Sardinian Warbler, Lesvos, April 2016. Photo by Steve Bird.The Greek Island of Lesvos is renowned for its ancient history, incomparable natural beauty and tradition of hospitality. Celebrated as the Princess of the Northwest Aegean Sea, this stunning island has become known by birders as one of the best locations in Europe to witness spring migration. In late April and early May, a continual stream of migrating birds pass over the island as they move from their wintering grounds in Africa to their breeding grounds in Europe. Keen birders return year after year to experience the migration magic of Lesvos and search out the island’s special birds, including Krüper’s Nuthatch, Cinereous Bunting, Cretzschmar’s Bunting, Rüppell’s Warbler, Sardinian Warbler, Scopoli’s Shearwater, Isabelline Wheatear, Masked and Red-backed Shrike and more. This program will reveal the avian delights of Lesvos with vivid photographs of its birds against the backdrop of charming fishing villages, sea coasts, salt pans, sparkling rivers and lakes, and the slopes of Mount Olympus.


Photos: Sardinian Warbler, Lesvos, April 2016 by Steve Bird.

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Eurasian Lynx. Photo by Steve Bird.CHASING WILD CATS
Wild cats are some of the world’s most endangered species and their elusive habits and secretive lives capture our imagination. This program takes a look at the wild felines of the world and what it takes to see them in their native habitats. Adventures in search of the American Puma, the Eurasian Lynx, Jaguar, the mythical Snow Leopard, and others are vividly illustrated with striking photographs as the lives of some of the most endangered and mysterious creatures in the world are revealed.

 


Eurasian Lynx. Photo by Steve Bird.

 

 

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COLOMBIA'S AVIAN TREASURES
Munchique Wood Wren. Photo by Steve Bird.The avian riches of Colombia are legendary. With at least 1870 species, Colombia boasts more species than any country in the world! The country holds at least 73 endemics and 21 species new to science discovered since the first major field guide was published in 1986. From a birding perspective, the opportunities here are unsurpassed. Until now however, Colombia has been off limits to birders. Security concerns have kept Colombia closed for decades. In recent years, efforts by the Colombian government and military to address safety problems have significantly improved the situation and Colombia is now open for birding! Gina Nichol spent the better part of two months birding Colombia in 2009 and has been working with the Colombian government and ornithological community to develop tours to this bird-rich country. This program will reveal the avian riches of this once taboo birding destination and depict what it is like to bird Colombia with vivid photographs of many of the colorful species in this wonderful country.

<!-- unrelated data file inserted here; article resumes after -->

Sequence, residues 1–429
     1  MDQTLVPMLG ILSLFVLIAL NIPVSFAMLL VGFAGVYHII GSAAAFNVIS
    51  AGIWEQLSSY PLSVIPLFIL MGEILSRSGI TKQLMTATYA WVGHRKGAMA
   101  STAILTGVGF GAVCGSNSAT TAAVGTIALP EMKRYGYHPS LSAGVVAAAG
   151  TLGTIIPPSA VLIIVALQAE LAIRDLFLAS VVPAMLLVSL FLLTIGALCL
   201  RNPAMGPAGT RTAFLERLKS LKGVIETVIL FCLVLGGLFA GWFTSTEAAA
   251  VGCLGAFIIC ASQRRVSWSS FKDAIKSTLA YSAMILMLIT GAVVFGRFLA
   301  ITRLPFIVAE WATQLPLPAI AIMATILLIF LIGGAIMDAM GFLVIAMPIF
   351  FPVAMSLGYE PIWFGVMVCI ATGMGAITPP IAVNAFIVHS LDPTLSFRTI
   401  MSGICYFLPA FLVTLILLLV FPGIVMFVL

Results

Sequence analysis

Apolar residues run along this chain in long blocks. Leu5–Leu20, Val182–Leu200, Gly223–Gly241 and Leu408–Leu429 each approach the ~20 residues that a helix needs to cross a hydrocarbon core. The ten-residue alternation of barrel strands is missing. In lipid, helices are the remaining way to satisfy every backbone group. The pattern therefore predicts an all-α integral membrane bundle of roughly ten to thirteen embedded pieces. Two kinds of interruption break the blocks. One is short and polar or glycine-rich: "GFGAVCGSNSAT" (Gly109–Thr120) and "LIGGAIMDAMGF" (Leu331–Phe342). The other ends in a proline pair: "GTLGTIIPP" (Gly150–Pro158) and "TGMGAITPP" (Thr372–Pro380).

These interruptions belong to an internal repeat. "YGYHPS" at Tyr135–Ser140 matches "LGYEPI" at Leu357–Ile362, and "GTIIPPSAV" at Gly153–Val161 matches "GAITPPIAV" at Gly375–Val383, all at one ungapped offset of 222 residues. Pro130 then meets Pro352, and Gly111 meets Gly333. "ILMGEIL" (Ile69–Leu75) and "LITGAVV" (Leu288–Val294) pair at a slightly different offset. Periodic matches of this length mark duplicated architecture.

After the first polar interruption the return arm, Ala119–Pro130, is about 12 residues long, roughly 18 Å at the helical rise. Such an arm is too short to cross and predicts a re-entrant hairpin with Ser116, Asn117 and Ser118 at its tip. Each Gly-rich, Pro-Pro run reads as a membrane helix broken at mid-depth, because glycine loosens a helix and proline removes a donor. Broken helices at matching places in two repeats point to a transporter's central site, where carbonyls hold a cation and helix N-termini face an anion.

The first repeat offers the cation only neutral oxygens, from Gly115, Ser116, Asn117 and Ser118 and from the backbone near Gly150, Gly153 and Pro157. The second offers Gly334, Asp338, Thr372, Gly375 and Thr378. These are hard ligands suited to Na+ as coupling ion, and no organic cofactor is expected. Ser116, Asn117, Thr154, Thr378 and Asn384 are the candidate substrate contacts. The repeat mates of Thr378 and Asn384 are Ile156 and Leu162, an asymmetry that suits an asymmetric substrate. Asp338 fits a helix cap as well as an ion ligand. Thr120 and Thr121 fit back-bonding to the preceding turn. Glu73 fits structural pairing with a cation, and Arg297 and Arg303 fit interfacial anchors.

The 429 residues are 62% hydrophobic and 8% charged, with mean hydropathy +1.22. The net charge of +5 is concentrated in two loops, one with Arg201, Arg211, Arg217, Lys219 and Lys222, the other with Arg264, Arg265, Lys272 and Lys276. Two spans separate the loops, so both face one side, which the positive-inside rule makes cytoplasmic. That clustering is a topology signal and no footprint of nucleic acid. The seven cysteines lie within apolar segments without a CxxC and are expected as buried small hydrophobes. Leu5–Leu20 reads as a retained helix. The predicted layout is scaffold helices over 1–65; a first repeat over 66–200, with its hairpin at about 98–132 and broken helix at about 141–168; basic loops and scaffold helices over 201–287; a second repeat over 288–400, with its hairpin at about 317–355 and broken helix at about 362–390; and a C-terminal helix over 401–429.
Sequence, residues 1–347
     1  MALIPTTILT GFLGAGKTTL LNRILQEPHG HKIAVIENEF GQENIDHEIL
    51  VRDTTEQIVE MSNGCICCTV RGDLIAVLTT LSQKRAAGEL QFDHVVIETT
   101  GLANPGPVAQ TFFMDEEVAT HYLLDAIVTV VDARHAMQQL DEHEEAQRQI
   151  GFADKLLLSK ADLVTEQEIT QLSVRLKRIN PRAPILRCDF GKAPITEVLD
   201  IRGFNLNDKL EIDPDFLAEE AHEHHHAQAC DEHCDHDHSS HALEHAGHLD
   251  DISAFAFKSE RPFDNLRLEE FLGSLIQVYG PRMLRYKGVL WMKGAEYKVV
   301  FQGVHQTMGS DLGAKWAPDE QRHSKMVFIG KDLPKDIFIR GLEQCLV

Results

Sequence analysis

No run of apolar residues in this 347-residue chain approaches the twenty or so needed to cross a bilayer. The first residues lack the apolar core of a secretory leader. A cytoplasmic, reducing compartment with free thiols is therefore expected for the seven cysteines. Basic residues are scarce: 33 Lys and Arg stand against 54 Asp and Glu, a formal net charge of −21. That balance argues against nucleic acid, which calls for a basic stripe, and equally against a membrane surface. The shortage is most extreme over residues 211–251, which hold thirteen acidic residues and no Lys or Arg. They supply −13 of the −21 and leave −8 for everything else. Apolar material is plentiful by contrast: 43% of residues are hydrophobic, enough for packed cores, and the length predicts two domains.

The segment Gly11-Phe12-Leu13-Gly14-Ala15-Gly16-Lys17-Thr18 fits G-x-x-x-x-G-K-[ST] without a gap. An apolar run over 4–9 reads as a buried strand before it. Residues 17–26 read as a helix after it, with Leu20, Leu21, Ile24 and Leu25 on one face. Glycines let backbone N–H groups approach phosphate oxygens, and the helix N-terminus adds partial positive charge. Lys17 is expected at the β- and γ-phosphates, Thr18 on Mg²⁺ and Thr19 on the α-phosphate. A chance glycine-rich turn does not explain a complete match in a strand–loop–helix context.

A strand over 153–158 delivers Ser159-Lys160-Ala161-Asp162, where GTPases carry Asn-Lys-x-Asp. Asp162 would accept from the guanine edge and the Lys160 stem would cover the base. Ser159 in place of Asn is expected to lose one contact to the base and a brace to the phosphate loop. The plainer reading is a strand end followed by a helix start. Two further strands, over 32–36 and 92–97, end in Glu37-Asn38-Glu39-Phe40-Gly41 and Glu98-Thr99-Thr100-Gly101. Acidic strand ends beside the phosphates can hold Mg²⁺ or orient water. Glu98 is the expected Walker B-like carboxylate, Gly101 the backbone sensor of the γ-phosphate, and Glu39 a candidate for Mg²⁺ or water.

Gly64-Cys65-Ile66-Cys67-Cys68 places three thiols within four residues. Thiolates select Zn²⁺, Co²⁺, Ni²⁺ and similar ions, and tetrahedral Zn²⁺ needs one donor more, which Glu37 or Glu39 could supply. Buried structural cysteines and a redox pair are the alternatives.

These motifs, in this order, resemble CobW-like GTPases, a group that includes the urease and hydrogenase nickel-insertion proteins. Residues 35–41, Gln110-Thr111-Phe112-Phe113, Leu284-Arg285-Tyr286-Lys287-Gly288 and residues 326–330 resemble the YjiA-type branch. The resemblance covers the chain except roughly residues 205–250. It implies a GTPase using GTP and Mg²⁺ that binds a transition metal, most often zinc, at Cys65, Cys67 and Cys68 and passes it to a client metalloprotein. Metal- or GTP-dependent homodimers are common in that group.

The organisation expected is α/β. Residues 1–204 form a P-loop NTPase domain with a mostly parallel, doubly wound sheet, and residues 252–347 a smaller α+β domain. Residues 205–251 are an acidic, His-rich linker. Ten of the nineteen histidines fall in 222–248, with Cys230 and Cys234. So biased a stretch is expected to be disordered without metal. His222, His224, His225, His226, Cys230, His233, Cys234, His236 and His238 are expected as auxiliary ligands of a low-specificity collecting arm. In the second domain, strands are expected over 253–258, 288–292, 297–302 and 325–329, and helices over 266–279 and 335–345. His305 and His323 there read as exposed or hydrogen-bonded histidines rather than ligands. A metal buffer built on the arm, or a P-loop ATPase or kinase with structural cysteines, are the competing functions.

Photo: Munchique Wood Wren by Steve Bird.
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Birders in Colombia. Photo by Gina Nichol.GOOD LOOKING: How to get better views of birds!
One of the most satisfying aspects of bird watching is getting a good close view of a wild bird, one that allows you to study plumage features, observe behavior or simply enjoy the aesthetic experience. Try as we may, getting close to birds is not so easy. Binoculars and spotting scopes help and most birders know not to wear white in the field but what are some other ways to improve your chances of getting a prolonged, satisfying view of a bird? This program will focus on "Fieldcraft", the field practices and specialist skills for observing birds at close range. Techniques intended to advance birding proficiency and get those killer views will be revealed with the goal of raising gratification and lowering frustration that can accompany our favorite pursuit.

Photo: Birders in Colombia by Gina Nichol.


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Great Sapphirewing. Ecuador. Photo by Steve Bird.HUMMINGBIRDS: Feathered Gems
With more than 330 species known in the world, hummingbirds are the second largest family of birds after flycatchers. These tiny aeronautic marvels have the ability to hover, fly backward, and migrate long distances. The physiological capacity of hummingbirds to raise and lower their heart rate and body temperature to survive cold nights is unmatched in the animal world. This program illustrates the amazing adaptations of these glittering gems and describes their fascinating life histories. Vivid photographs of hummingbirds in the United States, Costa Rica, and Ecuador tell the story of how these birds survive in habitats that range from tropical forests to the forests of the Andes Mountains.